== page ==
Walks of Italy - A Cooking Day in Rome Pasta Making Class

As the last pieces of dough were being rolled, David began cooking the pasta piece by piece in a pan of boiling water that was heavily salted. He explained that the simplest way to know when pasta was cooked al dente was when the pasta floated to the top.
To me, if felt more like the texture of a fresh stick of gum – malleable but still stiff.

Walks of Italy - A Cooking Day in Rome Pasta Making Class

Stirring the cooked pasta through the pan of Amatriciana sauce which has been quietly simmering on another cook top, fresh bottles of Italian wine were opened and bowls were filled, and a dessert of limoncello and traditional Italian biscuits were shared around.

It was a nice way to end the evening as we all sat around the dining table chatting about how we’d found ourselves on a rooftop in Rome.  Good company, great food and plenty of new Italian words – now this is something I could get used to!

Now it’s over to you:
Have you ever taken a cooking class on while travelling?
What’s your favourite Italian dish?

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Details

Cook, Dine & Drink Wine – Pasta Making Class with Chef Walks of Italy

Duration: 3+ hours

Price includes: Aperitivo, drinks (soft drink, prosecco or wine), Rome pasta making class, dinner, limoncello and cookies.

Cost:
Adult –  €59.00 (AUD$87/GBP£49)
Senior (65+) / Student (15-25) – €54.00 (AUD$80/GBP£45)
Child (6-14) – €44.00 (AUD$65/GBP£37)
Infant (5 and under) – Free

Private tours are available at an additional cost.

Website: www.walksofitaly.com/romecookingclass

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Many thanks to Walks of Italy for providing me with a complimentary tour.
They did not request a favourable review, and all opinions here are, as always, my own.

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12 Comments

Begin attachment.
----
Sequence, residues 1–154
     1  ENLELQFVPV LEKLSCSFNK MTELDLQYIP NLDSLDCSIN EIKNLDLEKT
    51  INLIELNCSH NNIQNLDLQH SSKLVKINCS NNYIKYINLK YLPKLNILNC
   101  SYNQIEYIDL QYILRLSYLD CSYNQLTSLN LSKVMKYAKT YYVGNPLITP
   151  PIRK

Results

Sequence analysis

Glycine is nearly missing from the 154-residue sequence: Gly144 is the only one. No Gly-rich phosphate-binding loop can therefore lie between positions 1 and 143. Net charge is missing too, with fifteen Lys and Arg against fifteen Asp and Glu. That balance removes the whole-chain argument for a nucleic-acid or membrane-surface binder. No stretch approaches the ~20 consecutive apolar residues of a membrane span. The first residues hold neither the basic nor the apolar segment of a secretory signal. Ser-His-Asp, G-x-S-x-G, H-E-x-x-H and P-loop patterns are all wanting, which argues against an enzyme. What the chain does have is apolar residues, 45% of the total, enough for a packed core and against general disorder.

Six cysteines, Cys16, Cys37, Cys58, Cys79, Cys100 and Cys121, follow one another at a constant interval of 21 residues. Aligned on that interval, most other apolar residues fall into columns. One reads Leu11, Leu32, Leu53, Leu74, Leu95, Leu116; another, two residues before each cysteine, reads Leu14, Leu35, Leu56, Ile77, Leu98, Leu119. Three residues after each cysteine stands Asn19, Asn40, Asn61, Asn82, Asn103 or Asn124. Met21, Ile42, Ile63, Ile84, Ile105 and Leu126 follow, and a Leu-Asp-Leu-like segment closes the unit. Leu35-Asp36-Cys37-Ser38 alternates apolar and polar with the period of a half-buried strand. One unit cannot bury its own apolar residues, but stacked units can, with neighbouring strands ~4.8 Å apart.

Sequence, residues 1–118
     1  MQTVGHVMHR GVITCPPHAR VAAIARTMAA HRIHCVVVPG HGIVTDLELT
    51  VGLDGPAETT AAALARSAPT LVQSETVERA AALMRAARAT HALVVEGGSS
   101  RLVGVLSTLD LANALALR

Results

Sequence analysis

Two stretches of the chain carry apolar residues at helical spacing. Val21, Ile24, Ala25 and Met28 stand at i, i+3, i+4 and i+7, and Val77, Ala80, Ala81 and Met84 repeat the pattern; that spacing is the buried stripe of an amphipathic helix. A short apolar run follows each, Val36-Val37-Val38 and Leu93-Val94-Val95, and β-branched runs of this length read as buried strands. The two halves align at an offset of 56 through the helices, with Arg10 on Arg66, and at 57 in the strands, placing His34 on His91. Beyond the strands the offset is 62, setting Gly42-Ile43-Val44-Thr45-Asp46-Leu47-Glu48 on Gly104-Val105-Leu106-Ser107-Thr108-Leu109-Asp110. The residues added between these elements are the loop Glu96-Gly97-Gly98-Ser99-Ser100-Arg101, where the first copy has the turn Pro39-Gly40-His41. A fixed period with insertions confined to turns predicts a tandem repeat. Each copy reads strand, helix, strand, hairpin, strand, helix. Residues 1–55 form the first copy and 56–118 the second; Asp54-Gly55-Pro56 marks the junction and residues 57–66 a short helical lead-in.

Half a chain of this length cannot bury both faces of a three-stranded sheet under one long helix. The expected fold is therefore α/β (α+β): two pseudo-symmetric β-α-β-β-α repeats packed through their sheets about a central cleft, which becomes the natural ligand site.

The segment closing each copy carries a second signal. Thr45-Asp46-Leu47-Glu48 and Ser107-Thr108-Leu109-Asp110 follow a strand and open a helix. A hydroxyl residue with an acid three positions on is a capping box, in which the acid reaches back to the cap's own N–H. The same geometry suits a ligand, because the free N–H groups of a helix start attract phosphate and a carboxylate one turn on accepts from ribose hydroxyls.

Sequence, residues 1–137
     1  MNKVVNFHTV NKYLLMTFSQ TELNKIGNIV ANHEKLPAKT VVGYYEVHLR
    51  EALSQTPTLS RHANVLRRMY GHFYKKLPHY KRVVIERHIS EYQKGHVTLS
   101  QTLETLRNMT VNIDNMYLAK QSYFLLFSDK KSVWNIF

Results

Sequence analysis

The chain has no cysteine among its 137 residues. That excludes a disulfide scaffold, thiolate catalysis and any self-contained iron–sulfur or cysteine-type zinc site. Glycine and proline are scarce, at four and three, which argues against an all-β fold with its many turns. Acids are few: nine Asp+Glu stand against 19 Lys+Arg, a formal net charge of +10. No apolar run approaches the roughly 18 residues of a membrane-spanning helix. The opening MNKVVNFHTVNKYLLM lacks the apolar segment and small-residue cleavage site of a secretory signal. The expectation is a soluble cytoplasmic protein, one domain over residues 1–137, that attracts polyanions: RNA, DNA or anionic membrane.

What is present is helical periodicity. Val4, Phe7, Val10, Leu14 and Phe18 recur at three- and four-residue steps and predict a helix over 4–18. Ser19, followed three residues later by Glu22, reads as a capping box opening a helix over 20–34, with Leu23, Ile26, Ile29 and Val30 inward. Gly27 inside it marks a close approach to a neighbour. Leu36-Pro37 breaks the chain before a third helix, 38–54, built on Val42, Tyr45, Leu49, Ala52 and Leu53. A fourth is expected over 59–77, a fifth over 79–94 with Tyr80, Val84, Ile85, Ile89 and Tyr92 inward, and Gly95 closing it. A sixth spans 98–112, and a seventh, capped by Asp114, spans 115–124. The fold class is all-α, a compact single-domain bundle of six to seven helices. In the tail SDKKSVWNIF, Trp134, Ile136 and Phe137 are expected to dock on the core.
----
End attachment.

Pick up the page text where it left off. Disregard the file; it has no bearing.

• Reply
    Adam Burton
    December 3, 2013 at 5:13 pm

    Oh my, I was salivating while looking at the finish product after reading this post. I have never taken a cooking class while traveling but would love to do so if ever I have a chance.

    • Reply
      Nicole
      December 12, 2013 at 7:29 pm

      Do give a cooking class a shot, Adam! They’re a great way to sample a few dishes – or one regional speciality like I did in Rome – that you might otherwise skip.

      If you visit Italy soon do check out Walks of Italy. They have a few cooking classes around the country. 🙂

  • Reply
    Lindsay
    December 4, 2013 at 1:33 am

    oh man, i want pasta now

    • Reply
      Nicole
      December 12, 2013 at 7:27 pm

      Editing those photos I did as well, Lindsay!

  • Reply
    Mica
    December 19, 2013 at 1:02 am

    Love. We’ve done cooking classes in Turkey so far this year and it was fab.

    I love pesto. Fav Italian dish. I also love lasagna! Ok time for lunch now!

    • Reply
      Nicole
      January 9, 2014 at 3:47 pm

      Sounds like you made yourself hungry with all that Italian food talk, Mica!

      Lasagna is one of my favourites as well 😉

      What did you cook in Turkey? I really know nothing about Turkish food!

  • Reply
    Tim
    January 16, 2014 at 9:25 am

    This pasta looks stunning! Bravo!

  • Reply
    Pasta Making Class in Bologna at Le Sfogline
    January 22, 2014 at 9:38 pm

    […] Thinking it looked easy I grabbed a piece and followed her instructions – fold, pinch, squeeze, roll. I looked at my creation, the mixture oozing out from the cracks in the lining, the dough overstretched and the shape, something more resembling a folded crepe, looked nothing like Monica’s appetising tortelloni. I sighed. This was going to be harder than the sange ‘ncannulate that I learnt at my pasta making class in Rome. […]

  • Reply
    Fabs
    February 2, 2014 at 2:59 am

    I love your report, just simply would like to remark that very few kind of pasta are ready when floating. For instance, no spaghetti, maccheroni, penne, tagliatelle, linguine can float, and absolutely no dry pasta. I personally wait the floating only for fresh gnocchi.

    Cheers!

  • Reply
    Milena Yordanova
    April 1, 2015 at 11:45 pm

    This cooking class looks so much fun and the pasta is simply mouth-watering. 🙂

  • Reply
    mikko
    May 21, 2015 at 7:55 pm

    Hi,

    Where this cooking course locates in Rome?

    Looks superb.

    Mikko
    Finland

    • Reply
      Nicole
      May 21, 2015 at 8:06 pm

      They may have moved it, but it is not far from Central Rome. When I took part in the class it was about 5 minutes walk away from the The Altare della Patria.